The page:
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Chris Gampat The Phoblographer Nikon D5500 product review lead image (1 of 1)ISO 2001-125 sec at f - 2.0

When Nikon talked to us about the D5500, we generally thought it was a step in the right direction. After spending a while with it, we tend to agree with that opinion. As far as business sense goes, the Nikon D5500 is a safe bet and doesn’t rock the boat too much. Instead, it gives incremental upgrades that folks will love like 5fps shooting, a deeper grip, Wifi connectivity, very fast focusing abilities, and most importantly the ability to use lots of Nikon’s lenses.

To be honest, the Nikon D5500 is a great camera. We mean that from the bottom of our heart–but at the same time we think that it’s time for Nikon to try to push things a bit further.

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All photos by Kyle Dean Reinford. Used with permission.

When it comes to concert photography, Kyle Dean Reinford is no doubt one of the best in the business. But he also tells us that he’s still not sure that it’s his true calling. Kyle has been shooting professionally for years and has experienced lots of the changes that have happened as of recent: such as digital rights management and over-saturation of the market.

But most of all, Kyle thinks that concert photography is one heck of a thrill.

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Efficiently Complete A Photography Assignment-04076-20140814

When trying to become more serious about your photography, you’ll often go after photography assignments and gigs. You clients will need specific images for presentations, articles, etc. If they cannot find the right stock photography or create the images themselves, they hire a photographer to create these images for them. I have recently started going on assignments for my company and there are some lessons that I have learned. The biggest is that photography is a cooperative craft at times. Sometimes you have to capture another person’s vision.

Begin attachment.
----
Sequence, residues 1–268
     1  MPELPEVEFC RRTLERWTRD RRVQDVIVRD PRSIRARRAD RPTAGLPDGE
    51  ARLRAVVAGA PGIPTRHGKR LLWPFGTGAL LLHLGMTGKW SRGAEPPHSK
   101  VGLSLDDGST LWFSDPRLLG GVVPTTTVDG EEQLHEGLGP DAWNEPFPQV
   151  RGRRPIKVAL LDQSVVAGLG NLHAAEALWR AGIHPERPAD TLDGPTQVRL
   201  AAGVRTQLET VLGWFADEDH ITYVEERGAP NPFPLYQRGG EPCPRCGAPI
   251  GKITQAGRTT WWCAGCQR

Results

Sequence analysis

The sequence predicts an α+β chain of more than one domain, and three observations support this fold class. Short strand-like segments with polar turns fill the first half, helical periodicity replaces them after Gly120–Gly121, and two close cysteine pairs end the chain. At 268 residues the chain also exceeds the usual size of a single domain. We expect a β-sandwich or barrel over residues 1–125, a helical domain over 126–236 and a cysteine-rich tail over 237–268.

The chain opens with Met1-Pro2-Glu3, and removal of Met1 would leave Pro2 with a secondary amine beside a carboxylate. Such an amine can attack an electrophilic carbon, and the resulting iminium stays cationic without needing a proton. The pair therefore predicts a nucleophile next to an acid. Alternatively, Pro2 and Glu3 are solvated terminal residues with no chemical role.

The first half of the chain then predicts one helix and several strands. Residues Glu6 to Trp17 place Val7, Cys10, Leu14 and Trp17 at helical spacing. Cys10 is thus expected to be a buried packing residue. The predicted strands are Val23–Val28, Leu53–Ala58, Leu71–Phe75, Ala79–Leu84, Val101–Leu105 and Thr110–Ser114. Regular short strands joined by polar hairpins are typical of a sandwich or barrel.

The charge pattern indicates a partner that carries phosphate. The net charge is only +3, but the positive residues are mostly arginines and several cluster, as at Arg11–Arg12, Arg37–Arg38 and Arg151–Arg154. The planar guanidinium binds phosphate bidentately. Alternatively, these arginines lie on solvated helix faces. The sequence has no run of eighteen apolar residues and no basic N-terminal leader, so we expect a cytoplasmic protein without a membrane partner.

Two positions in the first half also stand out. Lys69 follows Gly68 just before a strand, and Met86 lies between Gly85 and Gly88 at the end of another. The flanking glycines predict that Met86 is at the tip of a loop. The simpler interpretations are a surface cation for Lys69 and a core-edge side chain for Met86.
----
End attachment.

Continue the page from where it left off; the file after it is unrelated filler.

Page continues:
Here are five tips from my experience to help you get through things quickly.

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Refining My Streetphotography -04879-20140829

On the surface, street photography can look easy. You go for a walk and take photos. But I have learned enough to know there is a lot more to it. Picking up your camera and going for a walk is only the beginning. Street photography is an art form that has been practiced for some time. A person can only get better through practice. Over this past summer, I took it upon myself to try to refine my street photography. There are many lessons to be learned from photo walking almost every day.

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dealing with police Geservo-0447-20140115

Due to the nature of the work that I do, I was recently asked how I stay out of trouble with the police. The question caught me off guard. The person asking the question brought up the fact that I’m always in New York with a camera. In my photography life, I have occasionally run across my share of bigots. But photographers are mostly a great community of people–and the issue some photographers have is their race and the law. Not everyone is treated equally 100% of the time. As an adult I have rarely, if ever, been singled out and stopped. I am not going to say I have never been harassed but when I was young–I quickly learned how not to make myself a target for police. As a photographer, I worried about that subject even more. So here is my answer.

Editor’s Note: Chris Gampat has co-authored this piece.

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Local Festival To Refine Your Concert Photography gservo-02287-20140713-2

If you are a photographer who enjoys music, we’re positive that you’d had the urge to be a concert photographer. It’s a hard field to get into, and if you really want to improve, you have to sell your soul on occasion to get close to the stage. The are a lot of hurdles in the way to getting better at this style of photography. But one of the biggest issues newer photographers can have is access–but local free festivals provide an excellent opportunity for practice that doesn’t cost your soul. Here are some tips to use them to your advantage.

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